Friday, March 10, 2006

Bill's Early Years as told by John

On August 30, 1914 in Sherman, Texas, Walter Lee and Rosa Ivey had their fourth child, Wilbur Vernice, and he weighed in at 12 lbs. and change. Back then, child birthing was done in the home, generally with the help only of a midwife. There was no doctor, no anesthetic, and no cesareans. When Vernice came out of the womb it was quite a stretch, literally, and soon after Rosa told Walter, "No more!"

Vernice was the youngest of four children. Ollie Mae was the oldest, then Oswald Lee, then Eunice Marie and finally Vernice, the baby boy (who from here on will be referred to as Bill for continuity's sake). Whether it was planned or happenstance, there was a three-year gap between all of Rosa's pregnancies.

Walter Lee's father, who is known in family records only as W. H. Ivey, moved his family from Tupelo, Mississippi to Grayson County, Texas in 1863. It is speculated that the relocation was due to the inevitable encroachment at that time of Tupelo by the Union Army during the Civil War. Walter was one of 11 siblings, one of whom was named Montezuma, or Uncle 'Zumer, as Bill remembered him.

Walter laid down stakes in Sherman, which was the county seat of Grayson, and married Rosa Dodd. He became a merchant and a very lucrative one. After World War I broke out in Europe in 1914, Walter watched events unfold, and shortly before the United states entered the war in 1917, he bought all the flour that he could store. After war broke out for America, the price of flour quadrupled in Sherman, and Walter made his fortune.

Though Walter was never wanting after that, Bill remembered him as being stingy and miserly. Ollie, on the other hand, was very generous to Bill. At the age of 10 or so, Bill wanted a light for his bicycle, and Ollie gave him four dollars for him to buy it. Sometime later Bill found out that that was Ollie's last four dollars, and after that there was nothing Bill would not do for Ollie.

Ollie was not the only one who indulged young Bill. He shared a bed with his older brother, and Oswald, usually going to bed first, would warm up Bill's side of the bed for him. Oswald was a high school football star who gained the nickname "No Hips" Ivey, as no one could ever seem to tackle him. Had it not been for a back injury sustained from playing ball, Oswald could've gone to college on a football scholarship (though Bill always maintained that Oswald had hurt his back lifting a Model T's wheel back up on the road from where it had slid off in the mud).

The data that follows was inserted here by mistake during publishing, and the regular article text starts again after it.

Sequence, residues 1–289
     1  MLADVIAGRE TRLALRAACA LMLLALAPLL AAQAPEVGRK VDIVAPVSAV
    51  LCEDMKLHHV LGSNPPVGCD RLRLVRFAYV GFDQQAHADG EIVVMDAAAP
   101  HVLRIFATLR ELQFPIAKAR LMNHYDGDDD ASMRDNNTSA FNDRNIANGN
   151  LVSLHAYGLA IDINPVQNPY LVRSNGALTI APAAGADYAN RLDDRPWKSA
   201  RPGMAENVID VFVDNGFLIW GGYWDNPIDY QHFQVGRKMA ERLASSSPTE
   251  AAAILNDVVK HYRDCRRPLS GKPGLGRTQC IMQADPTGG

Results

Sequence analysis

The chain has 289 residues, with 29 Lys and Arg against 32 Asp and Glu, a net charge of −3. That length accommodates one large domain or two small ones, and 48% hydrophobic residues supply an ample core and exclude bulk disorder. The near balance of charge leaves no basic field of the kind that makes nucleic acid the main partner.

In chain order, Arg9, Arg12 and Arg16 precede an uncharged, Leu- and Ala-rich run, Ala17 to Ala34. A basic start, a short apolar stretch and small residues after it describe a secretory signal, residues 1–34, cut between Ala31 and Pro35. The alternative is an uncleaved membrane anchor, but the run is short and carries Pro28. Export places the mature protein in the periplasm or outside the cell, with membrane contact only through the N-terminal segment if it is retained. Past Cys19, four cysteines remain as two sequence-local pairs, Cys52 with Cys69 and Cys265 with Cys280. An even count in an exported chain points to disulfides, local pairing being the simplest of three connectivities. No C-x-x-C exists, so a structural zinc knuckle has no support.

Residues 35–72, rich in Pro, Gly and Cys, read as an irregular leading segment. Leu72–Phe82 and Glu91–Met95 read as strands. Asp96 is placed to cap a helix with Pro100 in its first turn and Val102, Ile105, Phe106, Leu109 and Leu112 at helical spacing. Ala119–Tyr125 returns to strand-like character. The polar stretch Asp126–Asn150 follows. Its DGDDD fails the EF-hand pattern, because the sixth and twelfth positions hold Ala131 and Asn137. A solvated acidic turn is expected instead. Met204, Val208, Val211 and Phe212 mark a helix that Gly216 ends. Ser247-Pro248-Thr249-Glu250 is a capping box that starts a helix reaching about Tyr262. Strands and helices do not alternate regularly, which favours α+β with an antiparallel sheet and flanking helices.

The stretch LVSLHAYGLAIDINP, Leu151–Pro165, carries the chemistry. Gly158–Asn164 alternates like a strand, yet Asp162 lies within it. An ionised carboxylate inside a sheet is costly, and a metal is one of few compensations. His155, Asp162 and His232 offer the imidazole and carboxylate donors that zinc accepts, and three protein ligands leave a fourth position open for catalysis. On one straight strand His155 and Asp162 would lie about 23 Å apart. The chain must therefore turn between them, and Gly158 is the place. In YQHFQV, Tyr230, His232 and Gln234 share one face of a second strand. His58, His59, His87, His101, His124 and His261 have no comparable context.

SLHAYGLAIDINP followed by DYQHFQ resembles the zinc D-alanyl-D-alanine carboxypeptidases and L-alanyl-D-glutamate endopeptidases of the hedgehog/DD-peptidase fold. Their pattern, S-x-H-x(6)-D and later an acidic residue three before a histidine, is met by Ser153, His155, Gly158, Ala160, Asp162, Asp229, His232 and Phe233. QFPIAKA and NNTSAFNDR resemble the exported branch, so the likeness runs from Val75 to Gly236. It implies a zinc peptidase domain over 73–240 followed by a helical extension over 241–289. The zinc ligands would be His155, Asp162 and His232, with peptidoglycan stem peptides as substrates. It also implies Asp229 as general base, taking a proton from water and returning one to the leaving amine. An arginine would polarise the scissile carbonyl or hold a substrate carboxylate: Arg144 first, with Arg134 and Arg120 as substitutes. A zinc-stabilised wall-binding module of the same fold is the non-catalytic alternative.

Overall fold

One night, when Bill was in his early teens, one of Oswald's friends spent the night with them. After they went to bed Bill found five dollars in the friend's pants pocket, and Bill took the money. Oswald's friend pressed charges, and Bill was sent off to reform school.

The young delinquent arrived at the detention center wearing a nice pair of shoes and was soon offered a sum of money to trade shoes with one of the other detainees. Bill wanted the money more than the shoes and took the other boy's offer. He used the money to buy cigarettes and other necessities.

Now Bill was a bully, and in any enclosed situation when there is more than one bully, a confrontation is bound to occur, and that was the case with Bill and Bud Fox. There was a fight between the two with no clear-cut conclusion after the fact other than that the two became best friends. Even into their golden years, Bill and Bud remained friends.

By the time Bill finished reform school, the great Depression was in full swing, and he and Oswald took off for California in a Model T Ford in search of better times.

1 Comments:

At 8:23 PM, Blogger Rosa said...

Wow, I never knew half of that! Fascinating! Figures, dad was a bully. Damn Texan.

 

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